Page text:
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Trance and Treatment: Clinical Uses of Hypnosis

Trance and Treatment: Clinical Uses of Hypnosis

by Herbert Spiegel

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What is hypnosis? Despite widespread misconceptions, hypnosis is not a treatment in itself; instead, it is a facilitator -- a useful diagnostic tool that can help the practitioner choose an appropriate treatment modality and accelerate various primary treatment strategies.

The second edition of this remarkable work (first published 25 years ago) is written to


What is hypnosis? Despite widespread misconceptions, hypnosis is not a treatment in itself; instead, it is a facilitator -- a useful diagnostic tool that can help the practitioner choose an appropriate treatment modality and accelerate various primary treatment strategies.

The second edition of this remarkable work (first published 25 years ago) is written to provide both beginning and seasoned practitioners with a brief, disciplined technique for mobilizing and learning from an individual's capacity to concentrate. Putting to rest both exaggerated fears about hypnosis and overblown statements of its efficacy, this compelling volume brings scientific discipline to a systematic exploration of the clinical uses and limitations of hypnosis.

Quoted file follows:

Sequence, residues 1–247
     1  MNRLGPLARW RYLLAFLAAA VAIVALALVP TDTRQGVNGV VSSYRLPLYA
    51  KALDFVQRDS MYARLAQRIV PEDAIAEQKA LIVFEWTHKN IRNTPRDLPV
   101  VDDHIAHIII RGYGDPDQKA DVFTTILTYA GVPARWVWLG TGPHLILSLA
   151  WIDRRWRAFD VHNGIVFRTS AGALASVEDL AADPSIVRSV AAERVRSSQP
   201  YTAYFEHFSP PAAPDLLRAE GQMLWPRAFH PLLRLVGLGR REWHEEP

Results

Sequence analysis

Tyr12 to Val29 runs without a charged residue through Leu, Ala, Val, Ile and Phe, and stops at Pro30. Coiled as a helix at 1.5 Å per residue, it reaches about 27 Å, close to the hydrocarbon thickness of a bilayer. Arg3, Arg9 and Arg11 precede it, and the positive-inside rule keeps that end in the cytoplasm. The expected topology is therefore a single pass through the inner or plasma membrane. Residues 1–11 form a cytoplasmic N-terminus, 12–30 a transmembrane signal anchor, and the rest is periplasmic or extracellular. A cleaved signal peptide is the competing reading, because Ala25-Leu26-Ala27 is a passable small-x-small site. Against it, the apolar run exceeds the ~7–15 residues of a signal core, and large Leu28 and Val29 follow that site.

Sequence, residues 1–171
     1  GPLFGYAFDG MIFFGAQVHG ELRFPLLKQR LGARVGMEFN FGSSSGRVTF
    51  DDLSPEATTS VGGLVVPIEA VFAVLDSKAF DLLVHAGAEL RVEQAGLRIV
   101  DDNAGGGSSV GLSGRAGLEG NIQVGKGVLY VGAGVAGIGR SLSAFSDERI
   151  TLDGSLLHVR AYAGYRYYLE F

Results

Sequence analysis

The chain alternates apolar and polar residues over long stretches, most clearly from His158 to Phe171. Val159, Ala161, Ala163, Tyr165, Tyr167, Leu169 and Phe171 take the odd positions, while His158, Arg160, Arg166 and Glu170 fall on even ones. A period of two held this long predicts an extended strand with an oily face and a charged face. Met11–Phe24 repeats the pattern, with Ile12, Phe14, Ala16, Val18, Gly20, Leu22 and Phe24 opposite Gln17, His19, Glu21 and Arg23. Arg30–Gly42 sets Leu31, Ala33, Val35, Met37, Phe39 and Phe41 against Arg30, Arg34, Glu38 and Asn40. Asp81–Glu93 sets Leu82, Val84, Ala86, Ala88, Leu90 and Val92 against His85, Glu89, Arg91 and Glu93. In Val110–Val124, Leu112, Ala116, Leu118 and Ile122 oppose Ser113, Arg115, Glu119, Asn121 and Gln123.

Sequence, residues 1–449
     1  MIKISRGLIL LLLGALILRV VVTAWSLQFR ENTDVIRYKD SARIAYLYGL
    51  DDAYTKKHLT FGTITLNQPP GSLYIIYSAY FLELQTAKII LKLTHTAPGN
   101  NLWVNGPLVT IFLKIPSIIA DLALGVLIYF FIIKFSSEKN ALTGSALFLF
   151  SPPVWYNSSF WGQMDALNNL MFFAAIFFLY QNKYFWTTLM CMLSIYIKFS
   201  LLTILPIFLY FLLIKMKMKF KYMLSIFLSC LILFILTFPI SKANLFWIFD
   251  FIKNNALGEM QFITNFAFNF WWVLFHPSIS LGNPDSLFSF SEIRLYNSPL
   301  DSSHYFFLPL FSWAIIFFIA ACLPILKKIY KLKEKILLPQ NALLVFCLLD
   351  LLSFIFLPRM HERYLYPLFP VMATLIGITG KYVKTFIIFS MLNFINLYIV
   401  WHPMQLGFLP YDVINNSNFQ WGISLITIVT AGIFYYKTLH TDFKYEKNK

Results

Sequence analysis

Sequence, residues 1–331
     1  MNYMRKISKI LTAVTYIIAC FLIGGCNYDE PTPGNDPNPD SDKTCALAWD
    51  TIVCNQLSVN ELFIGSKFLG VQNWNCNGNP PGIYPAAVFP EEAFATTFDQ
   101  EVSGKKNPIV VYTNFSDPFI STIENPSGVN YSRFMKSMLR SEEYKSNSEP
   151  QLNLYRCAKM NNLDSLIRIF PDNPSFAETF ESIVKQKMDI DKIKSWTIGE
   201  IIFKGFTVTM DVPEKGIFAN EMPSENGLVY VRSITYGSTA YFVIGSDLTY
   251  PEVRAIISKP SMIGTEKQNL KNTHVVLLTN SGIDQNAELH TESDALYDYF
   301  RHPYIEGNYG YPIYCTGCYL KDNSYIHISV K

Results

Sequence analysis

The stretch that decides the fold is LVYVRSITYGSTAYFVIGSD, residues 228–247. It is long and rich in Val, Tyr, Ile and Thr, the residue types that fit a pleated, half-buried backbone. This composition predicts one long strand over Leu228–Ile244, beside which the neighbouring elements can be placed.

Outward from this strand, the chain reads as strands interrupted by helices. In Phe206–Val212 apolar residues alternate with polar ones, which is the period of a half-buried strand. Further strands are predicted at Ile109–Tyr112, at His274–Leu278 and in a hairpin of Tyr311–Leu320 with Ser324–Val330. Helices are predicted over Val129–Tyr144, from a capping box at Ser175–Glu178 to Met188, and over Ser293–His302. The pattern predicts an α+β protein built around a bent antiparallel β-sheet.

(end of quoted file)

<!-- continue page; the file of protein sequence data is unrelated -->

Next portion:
The challenge was to develop a clinical measurement that could transform a fascinating amalgam of anecdotes, speculations, clinical intuitions and observations, and laboratory advances into a more fruitful and systematic body of information. Thus was born the authors' Hypnotic Induction Profile (HIP), a crucial 10-minute clinical assessment procedure that relates the spectrum of hypnotizability to personality style, psychopathology, and treatment outcome.